We should also recognize that pushing a spring under tension is a little different than pushing a weight along, the further you push it, the more it resists in a logarithmic scale. Doubling the distance may be squaring or cubing the force required, and also increases as you get closer to the end point, the physics of which, I’m sure we’ll get into at some point.

My action is about .75mm at the 7th fret, or about 45 thousandths (.045in). On the low E, let’s call our equivalent to Newtons a Stevie. If a .038 is 1 Stevie and it increments by .2 per common string gauge, we get to 1.2 stevies for a .042, 1.4 stevies for a .046, and so on. And then we’ll double the distance. Here’s the chart we get: 

 

.75mm

1.5mm

.038 (1 stevie)

.75 smm

1.5 smm

.042 (1.2 stevies)

.9 smm

1.8 smm

.046 (1.4 stevies)

1.05 smm

2.1 smm

.052 (1.6 Stevies)

1.2 smm

2.4 smm

.056 (1.8 Stevies)

1.35 smm

2.7 smm

*smm = stevie millimeters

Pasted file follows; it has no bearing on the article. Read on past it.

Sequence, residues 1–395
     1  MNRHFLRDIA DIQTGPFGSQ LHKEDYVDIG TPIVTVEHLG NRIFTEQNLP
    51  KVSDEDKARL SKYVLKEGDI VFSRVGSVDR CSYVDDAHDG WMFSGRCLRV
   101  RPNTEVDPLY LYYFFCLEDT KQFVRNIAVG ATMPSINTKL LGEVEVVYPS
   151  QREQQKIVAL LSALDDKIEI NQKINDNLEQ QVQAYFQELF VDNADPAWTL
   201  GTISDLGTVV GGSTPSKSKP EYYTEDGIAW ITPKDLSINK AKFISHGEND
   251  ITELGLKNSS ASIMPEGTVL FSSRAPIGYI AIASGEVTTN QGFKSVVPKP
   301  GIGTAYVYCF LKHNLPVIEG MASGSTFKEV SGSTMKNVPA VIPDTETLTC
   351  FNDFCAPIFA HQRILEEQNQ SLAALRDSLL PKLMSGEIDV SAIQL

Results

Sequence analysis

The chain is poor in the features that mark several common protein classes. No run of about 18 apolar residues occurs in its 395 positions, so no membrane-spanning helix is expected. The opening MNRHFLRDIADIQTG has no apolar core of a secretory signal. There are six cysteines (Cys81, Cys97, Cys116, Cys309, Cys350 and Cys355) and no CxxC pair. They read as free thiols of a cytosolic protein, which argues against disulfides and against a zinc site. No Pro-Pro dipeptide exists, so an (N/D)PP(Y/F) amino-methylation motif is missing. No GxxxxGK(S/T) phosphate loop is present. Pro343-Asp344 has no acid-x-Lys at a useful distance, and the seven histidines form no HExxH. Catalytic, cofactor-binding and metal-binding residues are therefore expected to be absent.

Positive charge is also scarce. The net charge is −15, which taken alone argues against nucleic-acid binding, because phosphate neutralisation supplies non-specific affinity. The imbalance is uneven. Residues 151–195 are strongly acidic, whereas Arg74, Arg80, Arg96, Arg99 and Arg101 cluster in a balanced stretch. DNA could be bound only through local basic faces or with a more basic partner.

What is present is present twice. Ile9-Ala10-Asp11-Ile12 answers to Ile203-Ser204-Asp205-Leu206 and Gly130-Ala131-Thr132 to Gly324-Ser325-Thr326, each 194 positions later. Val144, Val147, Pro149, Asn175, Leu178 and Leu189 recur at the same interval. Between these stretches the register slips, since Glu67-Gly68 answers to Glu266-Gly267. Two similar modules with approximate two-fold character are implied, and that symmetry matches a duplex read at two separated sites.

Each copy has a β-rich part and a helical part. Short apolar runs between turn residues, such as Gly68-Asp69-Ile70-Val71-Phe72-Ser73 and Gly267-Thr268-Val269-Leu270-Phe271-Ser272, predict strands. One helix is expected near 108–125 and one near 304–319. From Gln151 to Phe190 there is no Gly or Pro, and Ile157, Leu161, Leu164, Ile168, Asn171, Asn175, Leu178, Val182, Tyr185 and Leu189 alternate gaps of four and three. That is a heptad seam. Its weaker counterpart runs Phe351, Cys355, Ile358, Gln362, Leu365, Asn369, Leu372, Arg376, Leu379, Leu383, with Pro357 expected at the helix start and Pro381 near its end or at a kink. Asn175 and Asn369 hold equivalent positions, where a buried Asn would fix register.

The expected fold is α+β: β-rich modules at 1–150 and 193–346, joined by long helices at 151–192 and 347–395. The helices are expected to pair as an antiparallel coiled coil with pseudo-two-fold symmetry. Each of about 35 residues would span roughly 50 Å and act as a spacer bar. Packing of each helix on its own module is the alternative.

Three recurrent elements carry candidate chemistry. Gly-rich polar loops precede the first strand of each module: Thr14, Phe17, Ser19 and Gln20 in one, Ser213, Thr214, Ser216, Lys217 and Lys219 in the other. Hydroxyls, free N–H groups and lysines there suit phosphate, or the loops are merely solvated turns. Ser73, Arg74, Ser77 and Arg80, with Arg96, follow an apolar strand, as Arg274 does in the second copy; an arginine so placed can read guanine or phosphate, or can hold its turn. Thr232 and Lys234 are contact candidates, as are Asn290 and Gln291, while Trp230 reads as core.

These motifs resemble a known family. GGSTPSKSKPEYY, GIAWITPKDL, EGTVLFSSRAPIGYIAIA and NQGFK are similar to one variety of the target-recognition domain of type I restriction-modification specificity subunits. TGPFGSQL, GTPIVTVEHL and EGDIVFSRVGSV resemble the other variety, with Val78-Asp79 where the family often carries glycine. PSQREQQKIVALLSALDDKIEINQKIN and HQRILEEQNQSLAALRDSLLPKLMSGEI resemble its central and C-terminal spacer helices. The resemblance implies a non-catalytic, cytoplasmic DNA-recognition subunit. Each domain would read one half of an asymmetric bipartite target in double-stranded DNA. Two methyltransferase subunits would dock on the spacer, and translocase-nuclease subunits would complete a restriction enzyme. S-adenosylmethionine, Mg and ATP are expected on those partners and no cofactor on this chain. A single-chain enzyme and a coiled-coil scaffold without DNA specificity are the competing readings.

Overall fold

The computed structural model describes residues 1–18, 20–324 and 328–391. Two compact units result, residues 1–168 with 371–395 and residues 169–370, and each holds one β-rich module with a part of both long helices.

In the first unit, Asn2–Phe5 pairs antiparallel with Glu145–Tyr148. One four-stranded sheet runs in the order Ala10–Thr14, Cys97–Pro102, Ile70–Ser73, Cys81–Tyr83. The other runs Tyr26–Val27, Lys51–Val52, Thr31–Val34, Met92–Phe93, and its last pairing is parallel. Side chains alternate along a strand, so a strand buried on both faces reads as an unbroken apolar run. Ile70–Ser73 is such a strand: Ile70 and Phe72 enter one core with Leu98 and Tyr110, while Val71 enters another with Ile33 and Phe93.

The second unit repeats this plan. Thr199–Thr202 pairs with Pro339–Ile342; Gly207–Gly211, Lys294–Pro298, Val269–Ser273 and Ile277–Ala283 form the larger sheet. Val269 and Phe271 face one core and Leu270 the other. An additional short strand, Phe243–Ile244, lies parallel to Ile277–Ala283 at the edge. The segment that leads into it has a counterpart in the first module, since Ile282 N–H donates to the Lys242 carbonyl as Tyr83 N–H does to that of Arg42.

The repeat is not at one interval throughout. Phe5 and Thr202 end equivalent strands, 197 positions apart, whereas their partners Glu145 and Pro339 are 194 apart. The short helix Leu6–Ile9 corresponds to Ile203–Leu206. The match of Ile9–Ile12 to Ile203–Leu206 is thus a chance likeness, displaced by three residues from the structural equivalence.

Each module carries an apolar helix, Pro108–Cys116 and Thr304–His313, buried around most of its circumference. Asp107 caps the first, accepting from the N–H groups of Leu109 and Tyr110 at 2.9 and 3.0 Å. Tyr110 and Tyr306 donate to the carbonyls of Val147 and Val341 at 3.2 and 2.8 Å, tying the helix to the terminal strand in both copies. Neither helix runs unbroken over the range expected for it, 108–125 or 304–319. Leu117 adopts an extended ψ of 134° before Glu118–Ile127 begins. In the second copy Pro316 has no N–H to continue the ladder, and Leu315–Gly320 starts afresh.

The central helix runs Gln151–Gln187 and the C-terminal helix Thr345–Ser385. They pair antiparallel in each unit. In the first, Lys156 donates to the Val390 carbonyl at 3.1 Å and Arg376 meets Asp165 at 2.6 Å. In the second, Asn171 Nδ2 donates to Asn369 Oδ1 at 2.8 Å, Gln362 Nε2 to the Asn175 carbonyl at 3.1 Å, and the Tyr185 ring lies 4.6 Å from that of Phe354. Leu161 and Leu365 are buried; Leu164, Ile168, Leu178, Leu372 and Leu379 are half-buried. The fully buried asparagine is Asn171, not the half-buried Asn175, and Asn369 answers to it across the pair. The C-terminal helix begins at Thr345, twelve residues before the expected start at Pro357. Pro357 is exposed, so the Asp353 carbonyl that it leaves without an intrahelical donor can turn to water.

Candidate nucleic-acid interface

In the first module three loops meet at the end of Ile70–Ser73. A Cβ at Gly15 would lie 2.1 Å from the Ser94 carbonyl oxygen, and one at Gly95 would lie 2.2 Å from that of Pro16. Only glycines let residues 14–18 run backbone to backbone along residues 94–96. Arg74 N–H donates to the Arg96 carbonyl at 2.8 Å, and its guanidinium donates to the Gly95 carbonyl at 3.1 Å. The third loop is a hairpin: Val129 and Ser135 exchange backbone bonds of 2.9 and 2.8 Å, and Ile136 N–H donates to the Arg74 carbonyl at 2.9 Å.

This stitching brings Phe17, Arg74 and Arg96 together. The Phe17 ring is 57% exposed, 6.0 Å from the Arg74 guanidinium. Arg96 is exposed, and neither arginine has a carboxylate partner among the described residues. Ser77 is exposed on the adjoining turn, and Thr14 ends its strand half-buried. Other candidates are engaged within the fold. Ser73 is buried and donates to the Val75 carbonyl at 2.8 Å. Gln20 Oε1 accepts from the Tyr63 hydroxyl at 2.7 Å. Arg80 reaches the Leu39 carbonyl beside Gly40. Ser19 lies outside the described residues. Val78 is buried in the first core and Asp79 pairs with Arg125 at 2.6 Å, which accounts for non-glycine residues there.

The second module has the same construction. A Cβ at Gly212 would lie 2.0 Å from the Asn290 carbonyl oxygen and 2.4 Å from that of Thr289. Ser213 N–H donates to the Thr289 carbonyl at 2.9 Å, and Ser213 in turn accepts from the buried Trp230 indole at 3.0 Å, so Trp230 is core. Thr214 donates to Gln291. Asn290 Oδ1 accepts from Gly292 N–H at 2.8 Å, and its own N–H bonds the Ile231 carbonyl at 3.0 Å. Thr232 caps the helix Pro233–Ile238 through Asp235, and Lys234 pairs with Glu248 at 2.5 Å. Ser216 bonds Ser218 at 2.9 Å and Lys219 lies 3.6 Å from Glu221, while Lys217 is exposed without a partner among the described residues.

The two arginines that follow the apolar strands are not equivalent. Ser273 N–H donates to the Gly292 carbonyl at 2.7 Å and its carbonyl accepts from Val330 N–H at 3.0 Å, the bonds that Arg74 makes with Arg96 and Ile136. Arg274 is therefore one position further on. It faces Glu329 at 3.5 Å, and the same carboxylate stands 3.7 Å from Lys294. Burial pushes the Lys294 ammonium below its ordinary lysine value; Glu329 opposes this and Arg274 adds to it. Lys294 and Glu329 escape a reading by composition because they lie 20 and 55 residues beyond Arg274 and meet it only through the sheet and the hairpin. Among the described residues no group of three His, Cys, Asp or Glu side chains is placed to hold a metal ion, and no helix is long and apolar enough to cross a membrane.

But when we factor in the added tension of the spring resistance, it becomes a very different chart. Let’s assume the force it takes to sound a note squares as we push twice the distance. This becomes a very different chart.

 

.75mm

1.5mm (force squared)

.038 (1 stevie)

.75 smm

1.5 smm

.042 (1.2 stevies)

.9 smm

2.16 smm

.046 (1.4 stevies)

1.05 smm

2.94 smm

.052 (1.6 Stevies)

1.2 smm

3.84 smm

.056 (1.8 Stevies)

1.35 smm

4.86 smm

 

I know we’ve simplified units and made some conjectures, but this is an exercise in seeing how the numbers behave, the height is a very significant factor to consider in determining how much work playing a particular gauge takes. An actual physicist will likely set me right, or maybe if you want to actually conduct the experiment with me I’d be happy to revisit this post, and I have a few physics friends, maybe I’ll get one over post-COVID to set up the experiment.